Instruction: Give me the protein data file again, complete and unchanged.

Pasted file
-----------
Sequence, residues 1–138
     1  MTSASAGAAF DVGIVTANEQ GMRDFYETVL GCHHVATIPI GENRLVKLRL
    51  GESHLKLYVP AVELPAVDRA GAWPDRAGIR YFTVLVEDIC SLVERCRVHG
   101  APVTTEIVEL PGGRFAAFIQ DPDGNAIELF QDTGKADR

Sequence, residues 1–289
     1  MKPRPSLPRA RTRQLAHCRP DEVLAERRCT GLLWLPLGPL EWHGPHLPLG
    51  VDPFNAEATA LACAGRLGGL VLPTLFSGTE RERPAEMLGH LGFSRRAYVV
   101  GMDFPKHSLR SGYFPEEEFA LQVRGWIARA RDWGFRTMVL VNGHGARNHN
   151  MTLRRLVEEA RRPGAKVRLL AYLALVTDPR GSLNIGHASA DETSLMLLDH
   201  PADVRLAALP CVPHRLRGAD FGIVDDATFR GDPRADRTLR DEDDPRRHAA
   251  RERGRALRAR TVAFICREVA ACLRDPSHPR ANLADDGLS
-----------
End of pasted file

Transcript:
Sequence, residues 1–138
     1  MTSASAGAAF DVGIVTANEQ GMRDFYETVL GCHHVATIPI GENRLVKLRL
    51  GESHLKLYVP AVELPAVDRA GAWPDRAGIR YFTVLVEDIC SLVERCRVHG
   101  APVTTEIVEL PGGRFAAFIQ DPDGNAIELF QDTGKADR

Sequence, residues 1–289
     1  MKPRPSLPRA RTRQLAHCRP DEVLAERRCT GLLWLPLGPL EWHGPHLPLG
    51  VDPFNAEATA LACAGRLGGL VLPTLFSGTE RERPAEMLGH LGFSRRAYVV
   101  GMDFPKHSLR SGYFPEEEFA LQVRGWIARA RDWGFRTMVL VNGHGARNHN
   151  MTLRRLVEEA RRPGAKVRLL AYLALVTDPR GSLNIGHASA DETSLMLLDH
   201  PADVRLAALP CVPHRLRGAD FGIVDDATFR GDPRADRTLR DEDDPRRHAA
   251  RERGRALRAR TVAFICREVA ACLRDPSHPR ANLADDGLS